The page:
With Backblaze, backups really are a “no brainer” and once the software is setup and running, you can forget about it and just do what you do best.

    Hassle Free Recovery

    When disaster does strike, you won’t have to worry about getting your data back because Backblaze makes recovery super easy.  If you accidentally deleted a folder, overwrote that important document or photo, or had a hard drive crash? Getting your data back is easy.  Login to the Backblaze website and select the computer that had the file.  Backblaze gives you four options for recovering your data: Single file download, multi-document .zip file download, restored data on a USB flash drive, or restored data on a USB hard drive.  The first two options are free, the flash drive option is $99 with a 53GB file maximum, and the hard drive option costs $189 for up to 3TB of data.

    To help with your data recovery, the web UI data restore console allows you to navigate the folder structure on your hard drive or search for files/folders.  Have an iPhone?  Don’t forget to download the Backblaze iOS app.  With it, you can download individual files right to your iOS device.  That’s really handy if you need to look up some information that is back at home or the office when you’re out or at a customer site.

    It’s aways a drag when a hard drive or computer dies.  But there is nothing more infuriating when the data loss is due to a stolen computer.  If you enable the feature, Backblaze has a Locate My Computer feature that can be used to locate your computer based on it’s network connection.  It’s a nice little bonus at no additional charge.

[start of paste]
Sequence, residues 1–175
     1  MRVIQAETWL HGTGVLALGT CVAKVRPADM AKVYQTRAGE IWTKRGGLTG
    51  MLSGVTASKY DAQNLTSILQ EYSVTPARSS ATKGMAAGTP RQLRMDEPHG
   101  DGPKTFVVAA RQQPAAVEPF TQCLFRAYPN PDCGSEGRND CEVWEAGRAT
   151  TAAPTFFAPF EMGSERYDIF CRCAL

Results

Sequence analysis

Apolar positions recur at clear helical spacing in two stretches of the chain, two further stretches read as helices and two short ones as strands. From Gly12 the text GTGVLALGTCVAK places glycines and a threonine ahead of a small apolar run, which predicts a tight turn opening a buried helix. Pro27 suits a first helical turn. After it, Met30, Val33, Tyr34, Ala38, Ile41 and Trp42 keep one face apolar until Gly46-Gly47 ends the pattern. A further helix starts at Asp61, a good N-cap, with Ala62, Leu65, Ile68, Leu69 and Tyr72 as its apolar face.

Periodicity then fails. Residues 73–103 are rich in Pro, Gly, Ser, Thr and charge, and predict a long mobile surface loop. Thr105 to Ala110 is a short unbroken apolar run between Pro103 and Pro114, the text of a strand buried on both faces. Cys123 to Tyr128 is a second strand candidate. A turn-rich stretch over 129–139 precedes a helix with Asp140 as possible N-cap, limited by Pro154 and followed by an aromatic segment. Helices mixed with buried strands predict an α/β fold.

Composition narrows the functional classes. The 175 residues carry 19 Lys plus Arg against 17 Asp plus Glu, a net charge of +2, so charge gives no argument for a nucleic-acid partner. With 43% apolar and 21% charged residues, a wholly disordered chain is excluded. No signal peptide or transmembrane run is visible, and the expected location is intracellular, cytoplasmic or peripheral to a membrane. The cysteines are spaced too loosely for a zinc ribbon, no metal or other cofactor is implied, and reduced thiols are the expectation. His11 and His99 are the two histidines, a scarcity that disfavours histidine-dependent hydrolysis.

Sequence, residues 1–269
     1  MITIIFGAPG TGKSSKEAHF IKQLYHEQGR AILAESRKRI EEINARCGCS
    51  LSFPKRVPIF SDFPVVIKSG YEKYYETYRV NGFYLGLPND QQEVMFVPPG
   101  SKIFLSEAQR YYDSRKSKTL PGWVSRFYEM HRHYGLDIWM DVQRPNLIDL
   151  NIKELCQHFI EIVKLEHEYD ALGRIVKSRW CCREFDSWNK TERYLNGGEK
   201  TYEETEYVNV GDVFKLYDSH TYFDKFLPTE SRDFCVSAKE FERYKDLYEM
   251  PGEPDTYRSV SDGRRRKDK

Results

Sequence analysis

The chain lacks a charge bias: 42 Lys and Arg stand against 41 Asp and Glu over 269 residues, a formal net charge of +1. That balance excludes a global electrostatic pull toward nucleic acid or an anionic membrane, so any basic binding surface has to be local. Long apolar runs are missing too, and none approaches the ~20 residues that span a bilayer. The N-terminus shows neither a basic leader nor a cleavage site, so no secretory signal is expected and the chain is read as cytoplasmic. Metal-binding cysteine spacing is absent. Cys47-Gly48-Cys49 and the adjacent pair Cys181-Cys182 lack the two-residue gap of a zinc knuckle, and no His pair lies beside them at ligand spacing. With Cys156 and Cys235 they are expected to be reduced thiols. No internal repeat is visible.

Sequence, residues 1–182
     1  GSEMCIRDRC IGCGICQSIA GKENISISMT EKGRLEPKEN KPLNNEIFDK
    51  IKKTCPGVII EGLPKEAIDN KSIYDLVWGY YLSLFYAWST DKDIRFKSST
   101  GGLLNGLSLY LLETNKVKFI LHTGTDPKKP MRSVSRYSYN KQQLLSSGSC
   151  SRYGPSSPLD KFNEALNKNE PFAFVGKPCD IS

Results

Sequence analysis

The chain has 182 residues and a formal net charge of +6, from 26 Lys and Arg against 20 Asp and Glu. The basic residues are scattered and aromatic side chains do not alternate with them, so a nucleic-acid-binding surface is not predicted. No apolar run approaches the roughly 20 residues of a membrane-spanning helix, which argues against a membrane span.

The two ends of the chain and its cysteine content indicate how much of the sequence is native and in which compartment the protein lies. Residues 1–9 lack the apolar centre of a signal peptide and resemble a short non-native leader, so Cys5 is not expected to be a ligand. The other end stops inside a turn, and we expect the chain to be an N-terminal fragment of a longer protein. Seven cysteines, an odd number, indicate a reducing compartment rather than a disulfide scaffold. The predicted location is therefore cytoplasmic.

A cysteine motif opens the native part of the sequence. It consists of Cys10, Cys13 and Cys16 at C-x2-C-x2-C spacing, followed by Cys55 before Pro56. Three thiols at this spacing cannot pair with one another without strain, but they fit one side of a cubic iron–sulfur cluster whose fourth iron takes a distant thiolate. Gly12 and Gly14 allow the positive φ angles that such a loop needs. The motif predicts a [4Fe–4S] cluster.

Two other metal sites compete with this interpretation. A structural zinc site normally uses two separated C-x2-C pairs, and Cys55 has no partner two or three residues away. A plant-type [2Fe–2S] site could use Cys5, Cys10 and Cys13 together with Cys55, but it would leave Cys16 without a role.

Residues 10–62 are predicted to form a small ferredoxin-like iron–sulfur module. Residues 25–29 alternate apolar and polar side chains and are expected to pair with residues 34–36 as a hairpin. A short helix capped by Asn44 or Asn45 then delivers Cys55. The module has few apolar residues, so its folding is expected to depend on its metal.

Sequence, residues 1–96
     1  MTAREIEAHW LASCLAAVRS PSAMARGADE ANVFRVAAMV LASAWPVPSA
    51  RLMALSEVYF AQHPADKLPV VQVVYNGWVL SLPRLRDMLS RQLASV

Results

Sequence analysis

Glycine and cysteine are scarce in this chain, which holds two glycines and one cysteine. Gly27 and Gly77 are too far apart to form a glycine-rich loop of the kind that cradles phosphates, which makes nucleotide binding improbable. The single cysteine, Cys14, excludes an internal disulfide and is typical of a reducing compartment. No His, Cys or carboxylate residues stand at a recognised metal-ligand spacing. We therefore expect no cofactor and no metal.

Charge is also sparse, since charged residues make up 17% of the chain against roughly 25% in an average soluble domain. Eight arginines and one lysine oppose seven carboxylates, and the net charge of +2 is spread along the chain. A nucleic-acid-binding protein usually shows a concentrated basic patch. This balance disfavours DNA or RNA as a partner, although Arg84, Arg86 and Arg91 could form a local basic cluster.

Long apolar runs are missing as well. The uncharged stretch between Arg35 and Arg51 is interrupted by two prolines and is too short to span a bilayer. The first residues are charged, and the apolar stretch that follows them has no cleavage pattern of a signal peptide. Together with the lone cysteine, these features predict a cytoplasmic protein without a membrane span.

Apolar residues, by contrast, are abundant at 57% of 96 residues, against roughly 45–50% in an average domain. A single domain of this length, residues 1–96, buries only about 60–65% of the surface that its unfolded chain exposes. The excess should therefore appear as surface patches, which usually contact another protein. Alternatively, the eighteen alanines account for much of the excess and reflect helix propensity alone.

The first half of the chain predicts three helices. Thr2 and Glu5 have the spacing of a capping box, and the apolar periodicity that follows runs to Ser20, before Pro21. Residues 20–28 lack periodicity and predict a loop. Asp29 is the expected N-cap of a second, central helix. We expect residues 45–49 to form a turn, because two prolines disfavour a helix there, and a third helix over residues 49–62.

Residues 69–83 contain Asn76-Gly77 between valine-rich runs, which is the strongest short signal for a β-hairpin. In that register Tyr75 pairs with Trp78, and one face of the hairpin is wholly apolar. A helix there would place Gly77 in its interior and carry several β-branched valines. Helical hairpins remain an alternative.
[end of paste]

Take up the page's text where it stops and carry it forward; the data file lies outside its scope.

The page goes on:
Plan Pricing

    The personal plan that I selected is $5/month, but you can get down as low as $3.96/month if you pre-pay for two years of service up front. You can change your subscription plan at any time.  Business plans are $50/year per computer.


    No body likes to run backups on their computer.  With Backblaze, backups are super simple and easy to setup.  When you need to, Backblaze makes it easy to get your data back a hassle free process.  If there is only one software service you buy this year, make it Backblaze.  You’ll be glad you did.

  • apple,  ios

    Rumor: iOS 7 To Arrive on Sept 10

    The blogosphere went nuts yesterday heightening the silly season chatter around Apple’s major overhaul of their mobile operating system, iOS 7, when Owen Williams of Owened.com posted what appears to be a leaked notice from Nuance that suggests that iOS 7 will be released the same day as Apple’s September 10 invitation only media event.

    According to Apple, iOS 7 will be released “this fall” and is compatible with the iPhone 4, iPhone 4S, and iPhone 5, iPod touch 5th generation, iPad 2, iPad with Retina displays, and the iPad mini.

    September 10th is just 14 days away.

    [Via Owned.com…]